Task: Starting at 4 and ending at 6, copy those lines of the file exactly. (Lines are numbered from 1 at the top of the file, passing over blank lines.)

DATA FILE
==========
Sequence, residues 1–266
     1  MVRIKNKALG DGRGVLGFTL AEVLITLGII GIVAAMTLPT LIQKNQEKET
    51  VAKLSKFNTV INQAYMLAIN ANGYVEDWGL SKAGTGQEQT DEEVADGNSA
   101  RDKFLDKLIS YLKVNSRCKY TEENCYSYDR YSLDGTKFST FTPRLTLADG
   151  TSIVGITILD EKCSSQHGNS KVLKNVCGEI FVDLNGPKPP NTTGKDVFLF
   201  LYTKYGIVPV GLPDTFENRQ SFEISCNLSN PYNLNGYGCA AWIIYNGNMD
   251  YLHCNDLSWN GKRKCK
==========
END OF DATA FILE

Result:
   101  RDKFLDKLIS YLKVNSRCKY TEENCYSYDR YSLDGTKFST FTPRLTLADG
   151  TSIVGITILD EKCSSQHGNS KVLKNVCGEI FVDLNGPKPP NTTGKDVFLF
   201  LYTKYGIVPV GLPDTFENRQ SFEISCNLSN PYNLNGYGCA AWIIYNGNMD